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Subprime Delinquency on the Rise

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What is Subprime Delinquency Rate?

In case you did not know, the term ‘subprime delinquency’ is not new in the financial world. The definition of the delinquency rate is the percentage of subprime loans which are delinquent after 60 days or more.

Having said that, subprime lenders earn from the interest on the loaned amounts. There are some potential markets may not meet the requirements so as to qualify for loans, lenders award loans to borrowers who have some credit impairments such as little or no credit history and low credit scores. This designation is called subprime.



In late 2006 to early 2007, there were signs of the subprime mortgage crisis. However, in 2016, it is clear that subprime delinquency on the rise. It was confirmed by Goldman Sachs that subprime loans have led to the collapse of auto sales and that it was a result of people taking out loans on their cars and losing money in the markets, reducing their ability to buy new cars.

What are Subprime Loans?

Subprime loans came about so as to cater to the market which needed funds, but did not qualify the criteria. Therefore, the lenders became more lenient with their standards, such as setting lower FICO scores, so as to award more loans.

With this, the rate of subprime delinquency increased over the years. Borrowers were also encouraged to take up auto loans and then put the funds in the stock market during the peak times.

subprime delinquency lenders

A large number of the borrowers who took auto loans failed to pay. This trend has been on the rise and it is reflected by the losses made by the top participants of subprime lending.

As of the third quarter of 2014, the following were the top category of participants: financial institution such as credit unions, captive, and banks.

The top lenders were Santander Consumer USA, Capital One, GM Financial, Wells Fargo, Ally Financial, Credit Acceptance Corp, Exeter, Consumer Portfolio Services, Westlake and Huntington, among others. However, auto firms such as Ford, GM, and Chrysler are most exposed to subprime delinquency. They account for almost half the amount of the subprime market in the US.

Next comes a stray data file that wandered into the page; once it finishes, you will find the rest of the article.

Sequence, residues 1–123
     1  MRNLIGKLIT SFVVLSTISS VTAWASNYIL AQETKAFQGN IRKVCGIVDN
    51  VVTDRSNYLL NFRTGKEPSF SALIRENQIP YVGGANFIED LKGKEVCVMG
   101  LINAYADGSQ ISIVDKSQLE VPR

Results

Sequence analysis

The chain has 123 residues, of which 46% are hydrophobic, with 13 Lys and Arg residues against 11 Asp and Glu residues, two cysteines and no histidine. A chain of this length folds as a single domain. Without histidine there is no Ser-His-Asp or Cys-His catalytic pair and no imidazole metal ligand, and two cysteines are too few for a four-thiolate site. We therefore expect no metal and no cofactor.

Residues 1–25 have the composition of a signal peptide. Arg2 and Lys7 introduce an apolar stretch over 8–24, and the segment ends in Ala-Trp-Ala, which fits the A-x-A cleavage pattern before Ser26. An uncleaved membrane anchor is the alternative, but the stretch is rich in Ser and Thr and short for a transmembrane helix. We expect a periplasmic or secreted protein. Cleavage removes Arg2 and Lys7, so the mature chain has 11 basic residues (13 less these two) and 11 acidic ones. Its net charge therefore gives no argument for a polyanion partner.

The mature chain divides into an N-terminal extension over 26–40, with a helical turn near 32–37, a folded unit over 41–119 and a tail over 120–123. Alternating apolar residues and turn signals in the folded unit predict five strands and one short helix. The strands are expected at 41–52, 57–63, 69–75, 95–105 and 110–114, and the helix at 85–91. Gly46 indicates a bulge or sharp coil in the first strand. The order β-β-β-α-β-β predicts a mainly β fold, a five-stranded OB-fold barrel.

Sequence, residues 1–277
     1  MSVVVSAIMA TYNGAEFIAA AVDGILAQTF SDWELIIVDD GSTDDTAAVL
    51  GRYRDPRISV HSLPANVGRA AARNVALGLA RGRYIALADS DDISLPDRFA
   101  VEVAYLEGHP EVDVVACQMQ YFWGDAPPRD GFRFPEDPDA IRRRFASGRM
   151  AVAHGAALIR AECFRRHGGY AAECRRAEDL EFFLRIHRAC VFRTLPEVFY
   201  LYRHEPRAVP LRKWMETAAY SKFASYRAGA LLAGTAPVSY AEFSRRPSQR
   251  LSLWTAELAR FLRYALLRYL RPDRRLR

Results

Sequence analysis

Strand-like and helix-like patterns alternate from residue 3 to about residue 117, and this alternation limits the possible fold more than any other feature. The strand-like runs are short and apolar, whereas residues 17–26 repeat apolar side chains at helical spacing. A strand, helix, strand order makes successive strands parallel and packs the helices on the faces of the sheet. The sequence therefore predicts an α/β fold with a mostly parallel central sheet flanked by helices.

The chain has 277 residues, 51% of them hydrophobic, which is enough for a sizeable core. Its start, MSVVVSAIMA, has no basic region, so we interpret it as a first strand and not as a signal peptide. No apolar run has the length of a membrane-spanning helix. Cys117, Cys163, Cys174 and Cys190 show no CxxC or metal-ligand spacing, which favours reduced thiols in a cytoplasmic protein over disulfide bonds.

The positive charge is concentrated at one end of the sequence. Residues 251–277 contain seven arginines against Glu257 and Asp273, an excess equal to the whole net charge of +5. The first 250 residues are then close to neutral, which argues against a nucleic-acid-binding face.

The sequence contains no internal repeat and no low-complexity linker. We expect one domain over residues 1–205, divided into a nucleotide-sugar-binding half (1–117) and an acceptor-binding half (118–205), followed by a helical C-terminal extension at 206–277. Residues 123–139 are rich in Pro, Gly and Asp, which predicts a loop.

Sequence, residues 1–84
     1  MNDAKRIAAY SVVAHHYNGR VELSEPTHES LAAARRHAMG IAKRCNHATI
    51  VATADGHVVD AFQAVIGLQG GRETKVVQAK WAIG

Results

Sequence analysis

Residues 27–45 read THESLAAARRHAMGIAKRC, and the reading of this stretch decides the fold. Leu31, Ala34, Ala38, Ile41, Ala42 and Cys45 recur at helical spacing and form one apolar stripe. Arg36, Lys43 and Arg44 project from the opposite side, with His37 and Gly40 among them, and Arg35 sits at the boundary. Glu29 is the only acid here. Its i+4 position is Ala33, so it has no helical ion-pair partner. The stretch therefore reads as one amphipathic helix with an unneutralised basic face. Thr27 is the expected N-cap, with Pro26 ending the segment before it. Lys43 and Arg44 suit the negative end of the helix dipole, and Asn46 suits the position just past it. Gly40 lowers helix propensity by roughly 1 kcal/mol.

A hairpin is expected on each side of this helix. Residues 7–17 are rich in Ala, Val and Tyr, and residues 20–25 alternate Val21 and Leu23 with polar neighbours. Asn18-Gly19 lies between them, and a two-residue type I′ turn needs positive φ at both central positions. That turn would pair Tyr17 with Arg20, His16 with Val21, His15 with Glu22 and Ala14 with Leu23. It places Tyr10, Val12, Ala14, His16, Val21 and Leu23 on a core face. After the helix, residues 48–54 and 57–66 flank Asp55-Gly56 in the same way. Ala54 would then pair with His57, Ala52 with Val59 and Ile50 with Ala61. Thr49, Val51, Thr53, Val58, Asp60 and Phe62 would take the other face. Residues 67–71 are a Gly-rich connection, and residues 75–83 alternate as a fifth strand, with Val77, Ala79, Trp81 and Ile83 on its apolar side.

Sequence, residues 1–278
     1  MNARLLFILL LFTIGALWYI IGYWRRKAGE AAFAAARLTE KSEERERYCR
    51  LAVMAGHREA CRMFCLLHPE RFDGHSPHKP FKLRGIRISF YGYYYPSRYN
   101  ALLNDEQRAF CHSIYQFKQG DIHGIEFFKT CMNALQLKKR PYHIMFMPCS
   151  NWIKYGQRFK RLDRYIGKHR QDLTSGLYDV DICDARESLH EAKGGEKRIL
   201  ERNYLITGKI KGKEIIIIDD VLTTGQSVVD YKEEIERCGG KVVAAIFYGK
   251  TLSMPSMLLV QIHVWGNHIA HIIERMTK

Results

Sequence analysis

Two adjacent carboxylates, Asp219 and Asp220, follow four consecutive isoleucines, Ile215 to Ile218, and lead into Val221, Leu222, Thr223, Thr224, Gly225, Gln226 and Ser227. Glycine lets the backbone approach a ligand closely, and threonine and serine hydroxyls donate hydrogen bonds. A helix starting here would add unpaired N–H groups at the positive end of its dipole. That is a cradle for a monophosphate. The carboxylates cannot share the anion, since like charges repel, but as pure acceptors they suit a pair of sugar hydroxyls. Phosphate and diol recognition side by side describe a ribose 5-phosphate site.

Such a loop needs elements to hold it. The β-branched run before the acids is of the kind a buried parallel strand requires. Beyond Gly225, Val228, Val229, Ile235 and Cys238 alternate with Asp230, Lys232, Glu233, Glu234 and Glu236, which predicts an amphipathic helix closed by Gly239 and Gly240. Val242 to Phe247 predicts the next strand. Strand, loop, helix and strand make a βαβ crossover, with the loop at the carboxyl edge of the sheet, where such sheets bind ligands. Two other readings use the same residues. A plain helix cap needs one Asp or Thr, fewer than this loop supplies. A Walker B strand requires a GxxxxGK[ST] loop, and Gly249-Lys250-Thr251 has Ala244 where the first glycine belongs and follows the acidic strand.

Factors of the Subprime Delinquency Mortgage

There are a variety of factors attributing to the subprime mortgage delinquency. Such factors include the following:

  • High loan to income ratios
  • Lack of documentation
  • Resetting of the adjustable-rate loans
  • Lower credit standards

Given the following pointers above, clients must take such factors into consideration. This is because subprime lenders ought to carry due diligence while considering potential borrowers.

With  that said, subprime lenders do wish to widen their target market. However, they put so much care on their job so as to reduce the rate of subprime delinquency. All this helps the payday loan industry, especially providing us with more customers for bad credit payday loans.

How Much do Subprime Loans Cost?

So, is it all gloom and doom? The Goldman Sachs report suggests that since subprime loans tend to have higher markups. This is because subprime lenders deal with pressure due to the constantly changing rules and regulations. Such regulations should increase compliance costs.

The subprime mortgage bubble grew and burst and now, all eyes are on that of the auto industry. If compliance costs increase this will push up the costs of loans. How is that good for anybody?

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